Careful. The poor may always have an *incentive* for income redistribution, but people are complex. Today you’ll find lots of people with well-below-average income who are against proposals like universal basic income (and a fair number with well-above-average income who are in favor).
Wow. I don’t understand why I didn’t strike this insight earlier, but there’s something in this post that just triggered it now.
I married a Filipino. In her language is a word that I took a long time to learn. It’s “kuripot”, pronounced ku-RAY-put. When I went to the Philippines to marry her, I was called this, and at first I thought it meant stingy or miserly. There were many times where I was asked to help pay for meals, gifts, drinks, or entertainment. Since this wasn’t in my budget, I had said no, and I thought my new family was just saying I was cheap.
But years later, I learned it has a much deeper meaning. The best way I can define the word is, “When one doesn’t share the benefit of ones fortune with family and friends.” In most of the neighborhoods, families are pretty poor, and it’s socially expected to share in good fortune with others when it comes one’s way. When the money is gone, it’s gone, so enjoy it while you have it. Go to the bar and buy everyone a round. Have a nice meal at your house and invite your friends. Rent a videoke machine, buy a few bottles of rum, and have a party. Or, if a family member is in the hospital, help pay for their bill. If someone’s in jail, help with their bail. See a cousin with an old pair of shoes, buy them a new pair. That sort of thing. In a significant way, it’s a social insurance. Like the offering plate at church, it’s not -required-, but it’s -expected-. Because when it’s your turn to need assistance, you want others to be there for you too.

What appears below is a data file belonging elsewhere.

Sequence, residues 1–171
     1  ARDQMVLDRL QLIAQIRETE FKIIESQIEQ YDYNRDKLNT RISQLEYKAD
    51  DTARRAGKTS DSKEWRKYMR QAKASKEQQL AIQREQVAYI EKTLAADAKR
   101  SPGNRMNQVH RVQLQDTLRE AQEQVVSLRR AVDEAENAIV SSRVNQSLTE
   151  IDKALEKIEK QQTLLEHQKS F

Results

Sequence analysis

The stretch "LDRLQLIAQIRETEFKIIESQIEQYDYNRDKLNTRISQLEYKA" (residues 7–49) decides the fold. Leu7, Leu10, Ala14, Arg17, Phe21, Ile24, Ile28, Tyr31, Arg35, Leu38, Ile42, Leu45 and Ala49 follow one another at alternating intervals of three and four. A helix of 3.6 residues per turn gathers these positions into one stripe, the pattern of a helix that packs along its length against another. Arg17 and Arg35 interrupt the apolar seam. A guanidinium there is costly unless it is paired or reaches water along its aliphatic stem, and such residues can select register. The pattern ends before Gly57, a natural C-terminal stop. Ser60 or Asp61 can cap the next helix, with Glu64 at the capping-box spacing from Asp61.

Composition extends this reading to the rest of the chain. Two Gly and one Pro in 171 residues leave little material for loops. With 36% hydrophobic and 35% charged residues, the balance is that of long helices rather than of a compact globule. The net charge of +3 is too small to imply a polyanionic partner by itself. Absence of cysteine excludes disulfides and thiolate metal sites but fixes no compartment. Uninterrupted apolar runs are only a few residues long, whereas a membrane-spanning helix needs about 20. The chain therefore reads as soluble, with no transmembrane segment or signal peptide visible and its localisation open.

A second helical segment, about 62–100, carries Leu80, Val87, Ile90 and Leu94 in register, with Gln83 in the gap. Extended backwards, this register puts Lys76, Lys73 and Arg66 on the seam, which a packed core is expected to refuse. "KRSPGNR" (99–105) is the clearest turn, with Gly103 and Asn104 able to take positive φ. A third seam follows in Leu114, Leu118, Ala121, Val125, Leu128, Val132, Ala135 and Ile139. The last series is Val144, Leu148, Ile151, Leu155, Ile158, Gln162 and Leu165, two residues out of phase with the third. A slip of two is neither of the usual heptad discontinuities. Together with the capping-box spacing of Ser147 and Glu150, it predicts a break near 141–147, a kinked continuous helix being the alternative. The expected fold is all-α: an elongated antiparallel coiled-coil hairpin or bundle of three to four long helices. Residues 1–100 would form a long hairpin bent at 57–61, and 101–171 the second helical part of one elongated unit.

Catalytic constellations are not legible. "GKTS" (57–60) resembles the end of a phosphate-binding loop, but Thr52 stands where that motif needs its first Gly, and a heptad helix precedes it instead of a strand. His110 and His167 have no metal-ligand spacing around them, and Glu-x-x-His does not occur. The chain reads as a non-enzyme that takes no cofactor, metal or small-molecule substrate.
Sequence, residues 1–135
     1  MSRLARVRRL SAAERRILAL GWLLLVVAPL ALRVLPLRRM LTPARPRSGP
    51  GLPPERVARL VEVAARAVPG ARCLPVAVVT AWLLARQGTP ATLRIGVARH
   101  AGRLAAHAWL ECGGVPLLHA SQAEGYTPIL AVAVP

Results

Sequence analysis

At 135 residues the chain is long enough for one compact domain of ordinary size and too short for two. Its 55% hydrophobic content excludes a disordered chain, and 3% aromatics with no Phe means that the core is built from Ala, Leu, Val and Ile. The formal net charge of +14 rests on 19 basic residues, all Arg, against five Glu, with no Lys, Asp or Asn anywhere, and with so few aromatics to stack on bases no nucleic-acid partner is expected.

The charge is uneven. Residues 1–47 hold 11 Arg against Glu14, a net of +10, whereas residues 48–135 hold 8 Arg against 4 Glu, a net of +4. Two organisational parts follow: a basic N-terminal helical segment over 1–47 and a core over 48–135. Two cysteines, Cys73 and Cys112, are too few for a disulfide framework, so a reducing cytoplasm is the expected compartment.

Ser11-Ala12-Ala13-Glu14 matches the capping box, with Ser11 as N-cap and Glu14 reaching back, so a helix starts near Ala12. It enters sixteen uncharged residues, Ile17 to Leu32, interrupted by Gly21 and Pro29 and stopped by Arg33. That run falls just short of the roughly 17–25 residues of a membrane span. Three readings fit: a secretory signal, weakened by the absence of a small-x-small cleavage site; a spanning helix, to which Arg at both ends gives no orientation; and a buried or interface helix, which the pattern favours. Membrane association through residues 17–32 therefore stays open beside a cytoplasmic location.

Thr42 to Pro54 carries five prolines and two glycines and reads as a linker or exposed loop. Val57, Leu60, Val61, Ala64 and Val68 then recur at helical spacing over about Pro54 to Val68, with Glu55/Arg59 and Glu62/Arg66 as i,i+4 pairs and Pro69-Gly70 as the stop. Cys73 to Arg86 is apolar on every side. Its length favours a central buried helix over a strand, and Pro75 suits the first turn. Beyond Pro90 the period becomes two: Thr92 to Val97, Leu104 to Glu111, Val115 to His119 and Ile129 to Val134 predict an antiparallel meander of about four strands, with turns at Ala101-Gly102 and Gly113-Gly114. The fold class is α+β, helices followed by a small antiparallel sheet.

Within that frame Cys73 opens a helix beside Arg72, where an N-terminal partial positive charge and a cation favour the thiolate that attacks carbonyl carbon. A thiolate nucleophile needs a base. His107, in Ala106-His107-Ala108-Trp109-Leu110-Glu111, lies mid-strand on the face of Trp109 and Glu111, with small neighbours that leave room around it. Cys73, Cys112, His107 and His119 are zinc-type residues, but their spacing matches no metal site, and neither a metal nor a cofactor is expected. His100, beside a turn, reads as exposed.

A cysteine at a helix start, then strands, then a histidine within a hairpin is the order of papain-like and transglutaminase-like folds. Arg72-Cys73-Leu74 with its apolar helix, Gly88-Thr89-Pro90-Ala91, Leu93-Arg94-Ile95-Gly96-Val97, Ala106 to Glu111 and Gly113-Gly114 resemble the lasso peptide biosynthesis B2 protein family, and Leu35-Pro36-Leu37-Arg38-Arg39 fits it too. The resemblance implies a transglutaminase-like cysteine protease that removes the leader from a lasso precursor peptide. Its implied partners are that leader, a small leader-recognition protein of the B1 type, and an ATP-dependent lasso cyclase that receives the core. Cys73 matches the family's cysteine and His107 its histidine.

But my wife immigrated to the United States, has a job, and has disposable income now. It’s created many interesting (difficult, but interesting) complications. Because while her family expects her to provide a share of her fortune, and she does to an extent, she now feels the ownership of the capital she has worked so hard to earn. And when she sees her family consume her benefits without a respect or appreciation for what it took to earn it, it’s very frustrating for her.
More interestingly, we have this social expectation in the United States as well. I saw it first-hand while living and working in a poor rural county. People living around the poverty line have the same behaviors. Except we don’t have a word for it. But we kinda have an expression…”You scratch my back, I’ll scratch yours.” It almost seems like this dichotomy is a part of our humanity. We seem quite selfless when our labors are performed for communal survival, but it becomes selfish when the purpose of that labor shifts to individual survival.